Yesterday’s man

Yesterday’s man

THE ruling All Basotho Convention (ABC)’s decision to make Thomas Thabane the face of the party for next year’s general elections has been met with utter bewilderment from Basotho.

The decision which was confirmed by the party’s powerful yet divided National Executive Committee (NEC) was a subtle admission that it had failed to come up with an acceptable successor to both factions.
The two factions within the ABC remain bitterly divided over who should take over from Thabane. In an attempt to forestall what was likely to be a certain split, the factions have now agreed to coalesce around Thabane.
But that decision could come back to haunt the ABC.

By failing to come up with a successor, the ABC has merely kicked the can down the road. Sooner or later, the party will still need to grapple with that question of a successor.
In the meantime, Thabane, who will be 83 next year, will be the face of the ABC in the elections. We would like to believe that will present a new set of challenges for the party. At 83, Thabane is way past his sell-by date, politically. The biological clock has run its course and we doubt if he will have the stamina to carry him through what is likely to be a gruelling election race.

Instead of burdening the grand old man of Lesotho politics, the ABC should coalesce around a much younger, sellable candidate for 2022. We would like to believe that the party is not shorn of talent in those aspects.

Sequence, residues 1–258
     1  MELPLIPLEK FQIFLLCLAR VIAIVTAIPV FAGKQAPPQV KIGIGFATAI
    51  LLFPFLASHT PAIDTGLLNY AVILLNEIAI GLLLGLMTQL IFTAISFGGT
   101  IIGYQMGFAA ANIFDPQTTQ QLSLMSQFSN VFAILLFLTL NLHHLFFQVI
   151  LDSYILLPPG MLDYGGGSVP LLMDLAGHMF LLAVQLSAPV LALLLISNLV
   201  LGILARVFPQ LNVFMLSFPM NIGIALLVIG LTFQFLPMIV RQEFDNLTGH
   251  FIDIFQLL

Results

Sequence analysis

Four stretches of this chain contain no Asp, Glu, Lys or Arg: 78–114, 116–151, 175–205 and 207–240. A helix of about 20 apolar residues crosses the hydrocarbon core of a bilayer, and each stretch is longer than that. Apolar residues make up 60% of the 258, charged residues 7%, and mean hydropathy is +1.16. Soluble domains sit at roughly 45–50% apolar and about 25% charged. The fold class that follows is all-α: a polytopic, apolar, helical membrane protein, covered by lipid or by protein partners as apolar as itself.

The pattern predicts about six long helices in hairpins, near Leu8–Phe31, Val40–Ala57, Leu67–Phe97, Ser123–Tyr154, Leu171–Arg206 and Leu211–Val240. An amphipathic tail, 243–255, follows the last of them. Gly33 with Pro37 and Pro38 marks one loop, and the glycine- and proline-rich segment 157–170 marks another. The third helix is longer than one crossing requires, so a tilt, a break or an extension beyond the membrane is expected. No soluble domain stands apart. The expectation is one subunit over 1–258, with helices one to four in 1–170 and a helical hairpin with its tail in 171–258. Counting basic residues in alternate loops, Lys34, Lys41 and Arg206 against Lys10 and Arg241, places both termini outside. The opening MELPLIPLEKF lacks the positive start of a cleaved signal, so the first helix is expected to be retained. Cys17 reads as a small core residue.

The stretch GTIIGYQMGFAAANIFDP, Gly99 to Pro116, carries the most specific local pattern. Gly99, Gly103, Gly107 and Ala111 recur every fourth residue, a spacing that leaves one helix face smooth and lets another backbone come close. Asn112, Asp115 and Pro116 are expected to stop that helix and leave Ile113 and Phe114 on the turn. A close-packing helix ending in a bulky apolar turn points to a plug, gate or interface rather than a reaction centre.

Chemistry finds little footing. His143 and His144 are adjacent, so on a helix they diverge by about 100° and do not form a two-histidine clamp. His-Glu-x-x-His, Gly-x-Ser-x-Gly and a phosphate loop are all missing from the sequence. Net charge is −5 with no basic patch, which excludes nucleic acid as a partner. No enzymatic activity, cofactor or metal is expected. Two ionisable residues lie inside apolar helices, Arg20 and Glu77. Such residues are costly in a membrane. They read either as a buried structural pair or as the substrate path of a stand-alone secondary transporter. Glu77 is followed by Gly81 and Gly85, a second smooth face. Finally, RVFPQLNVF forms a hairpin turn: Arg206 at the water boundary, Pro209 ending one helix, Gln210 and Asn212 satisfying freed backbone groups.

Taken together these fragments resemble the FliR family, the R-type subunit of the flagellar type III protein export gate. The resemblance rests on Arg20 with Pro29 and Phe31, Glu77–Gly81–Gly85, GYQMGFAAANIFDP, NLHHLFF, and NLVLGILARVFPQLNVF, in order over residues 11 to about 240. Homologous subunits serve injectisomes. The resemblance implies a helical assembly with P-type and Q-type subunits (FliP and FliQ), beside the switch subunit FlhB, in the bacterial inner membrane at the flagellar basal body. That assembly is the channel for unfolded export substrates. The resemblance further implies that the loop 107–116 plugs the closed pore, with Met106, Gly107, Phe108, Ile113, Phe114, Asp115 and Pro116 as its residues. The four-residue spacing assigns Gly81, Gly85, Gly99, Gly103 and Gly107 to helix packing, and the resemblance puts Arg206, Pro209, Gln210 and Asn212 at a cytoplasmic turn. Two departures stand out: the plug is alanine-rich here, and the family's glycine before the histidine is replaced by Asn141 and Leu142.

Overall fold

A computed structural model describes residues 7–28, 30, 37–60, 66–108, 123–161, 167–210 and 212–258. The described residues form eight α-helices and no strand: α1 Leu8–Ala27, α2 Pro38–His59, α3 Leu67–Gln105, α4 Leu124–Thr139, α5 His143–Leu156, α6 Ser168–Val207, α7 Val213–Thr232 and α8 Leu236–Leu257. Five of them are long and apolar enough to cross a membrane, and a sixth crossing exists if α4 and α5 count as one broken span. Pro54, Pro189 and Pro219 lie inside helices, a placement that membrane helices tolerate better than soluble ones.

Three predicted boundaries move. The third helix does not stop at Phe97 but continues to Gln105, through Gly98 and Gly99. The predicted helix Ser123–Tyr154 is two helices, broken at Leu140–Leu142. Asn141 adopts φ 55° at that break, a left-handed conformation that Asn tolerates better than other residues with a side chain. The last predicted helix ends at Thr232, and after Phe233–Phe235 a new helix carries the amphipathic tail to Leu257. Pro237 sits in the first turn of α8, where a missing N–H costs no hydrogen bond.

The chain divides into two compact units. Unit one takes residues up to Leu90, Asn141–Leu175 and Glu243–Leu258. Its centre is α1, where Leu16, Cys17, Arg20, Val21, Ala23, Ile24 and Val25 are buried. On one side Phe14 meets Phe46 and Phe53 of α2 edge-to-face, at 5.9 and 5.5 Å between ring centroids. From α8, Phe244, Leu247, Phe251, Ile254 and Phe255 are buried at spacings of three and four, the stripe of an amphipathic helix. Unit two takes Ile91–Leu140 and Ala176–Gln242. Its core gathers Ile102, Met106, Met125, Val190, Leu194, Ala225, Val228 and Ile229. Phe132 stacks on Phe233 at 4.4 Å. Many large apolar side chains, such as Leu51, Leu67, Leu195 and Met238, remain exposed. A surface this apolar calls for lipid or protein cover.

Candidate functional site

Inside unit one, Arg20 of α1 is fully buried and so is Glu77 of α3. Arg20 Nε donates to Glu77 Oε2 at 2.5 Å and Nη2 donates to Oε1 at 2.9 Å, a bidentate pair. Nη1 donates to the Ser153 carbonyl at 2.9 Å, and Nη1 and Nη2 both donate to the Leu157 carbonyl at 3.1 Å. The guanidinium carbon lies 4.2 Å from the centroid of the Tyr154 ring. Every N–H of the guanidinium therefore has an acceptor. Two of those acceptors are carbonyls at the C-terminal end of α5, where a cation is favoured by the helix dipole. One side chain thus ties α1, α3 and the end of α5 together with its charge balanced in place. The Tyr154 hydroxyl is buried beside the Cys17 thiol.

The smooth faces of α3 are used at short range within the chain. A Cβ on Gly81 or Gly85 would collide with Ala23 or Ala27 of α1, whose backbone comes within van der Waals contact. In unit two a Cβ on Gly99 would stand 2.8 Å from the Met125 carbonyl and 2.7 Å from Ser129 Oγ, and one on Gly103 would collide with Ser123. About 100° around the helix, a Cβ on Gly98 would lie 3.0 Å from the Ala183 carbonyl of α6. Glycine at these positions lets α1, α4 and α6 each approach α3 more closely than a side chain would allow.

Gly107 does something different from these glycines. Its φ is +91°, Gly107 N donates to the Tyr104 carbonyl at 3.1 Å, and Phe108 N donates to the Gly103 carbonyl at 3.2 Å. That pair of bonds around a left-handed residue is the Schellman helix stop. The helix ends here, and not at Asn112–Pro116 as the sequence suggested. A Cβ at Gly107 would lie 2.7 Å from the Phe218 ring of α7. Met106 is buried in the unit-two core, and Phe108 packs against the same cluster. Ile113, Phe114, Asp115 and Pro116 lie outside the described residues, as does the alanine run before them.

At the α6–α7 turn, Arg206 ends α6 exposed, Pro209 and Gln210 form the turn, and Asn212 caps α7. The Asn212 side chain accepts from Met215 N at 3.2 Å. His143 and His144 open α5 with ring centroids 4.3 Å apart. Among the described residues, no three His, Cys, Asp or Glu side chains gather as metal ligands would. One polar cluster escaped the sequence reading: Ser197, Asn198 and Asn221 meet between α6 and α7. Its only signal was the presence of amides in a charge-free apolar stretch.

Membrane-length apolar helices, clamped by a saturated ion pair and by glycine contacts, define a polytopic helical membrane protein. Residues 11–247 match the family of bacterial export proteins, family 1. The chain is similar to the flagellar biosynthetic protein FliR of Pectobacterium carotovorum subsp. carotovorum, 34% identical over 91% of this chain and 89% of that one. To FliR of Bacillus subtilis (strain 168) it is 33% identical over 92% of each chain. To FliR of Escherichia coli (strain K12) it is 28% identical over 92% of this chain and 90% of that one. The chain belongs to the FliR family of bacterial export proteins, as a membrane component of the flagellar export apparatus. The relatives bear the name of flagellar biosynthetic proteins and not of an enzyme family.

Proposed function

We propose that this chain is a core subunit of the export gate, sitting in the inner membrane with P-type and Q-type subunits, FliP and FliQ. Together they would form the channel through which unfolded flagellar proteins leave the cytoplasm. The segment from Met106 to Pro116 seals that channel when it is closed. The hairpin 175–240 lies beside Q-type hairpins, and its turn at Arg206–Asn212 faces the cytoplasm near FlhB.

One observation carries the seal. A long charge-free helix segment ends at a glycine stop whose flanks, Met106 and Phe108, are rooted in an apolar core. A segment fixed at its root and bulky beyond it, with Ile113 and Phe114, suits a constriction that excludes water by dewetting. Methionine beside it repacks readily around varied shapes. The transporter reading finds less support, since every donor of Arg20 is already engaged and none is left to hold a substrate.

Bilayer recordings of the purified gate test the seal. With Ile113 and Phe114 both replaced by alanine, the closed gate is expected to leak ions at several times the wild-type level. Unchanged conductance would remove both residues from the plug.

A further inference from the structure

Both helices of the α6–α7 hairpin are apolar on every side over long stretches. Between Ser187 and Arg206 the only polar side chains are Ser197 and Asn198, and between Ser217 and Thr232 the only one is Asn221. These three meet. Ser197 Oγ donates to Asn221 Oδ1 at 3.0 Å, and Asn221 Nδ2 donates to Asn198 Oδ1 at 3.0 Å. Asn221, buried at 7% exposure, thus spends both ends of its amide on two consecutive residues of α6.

Besides his advanced age, Thabane is damaged goods politically. This is a former Prime Minister who has a murder charge hanging over his head.
As long as that case involving Lipolelo Thabane has not been successfully defended in a court of law, Thabane remains a suspect.

Thabane will need to clear his name in a court of law if voters are to believe him again. Without that court process, he will remain heavily connected to the Lipolelo murder.
That case will likely cost the ABC a few votes.

It is on the basis of these two issues that significant sections of Basotho society are questioning the logic of dragging Thabane to be the face of the party in next year’s elections.
There is no doubt that the ABC faces its greatest electoral test next year. Based on its track record since it was swept into power in 2017, voters are likely to punish the party at the polls unless it uses the remaining few months to make drastic improvements on service delivery.

The general sentiment we are picking is that the ABC squandered the goodwill it had from voters through constant squabbling.
Instead of remaining true to its values, the party sold its soul for a plate of soup when it introduced the controversial and much loathed Wool and Mohair Regulations in 2018.

The ’Maesiah Thabane debacle will also be a key electoral issue. There are voters who argue they will never trust the ABC again for catapulting an abrasive woman at the centre of our national politics.
These are some of the issues the ABC must grapple with as we edge closer to the elections. The party needs to craft a new set of messages to appeal to Basotho.

Fresh promises tied to tired electoral promises of fighting hunger and rolling back poverty might not wash this time around. They would have been in power for the past five years and they need to give Basotho hope that they are the right people to fix what is ailing Lesotho.

We do not believe Thabane is the man to drive that agenda. The reasons are clear: he is yesterday’s man. He must be gently eased into quiet retirement.

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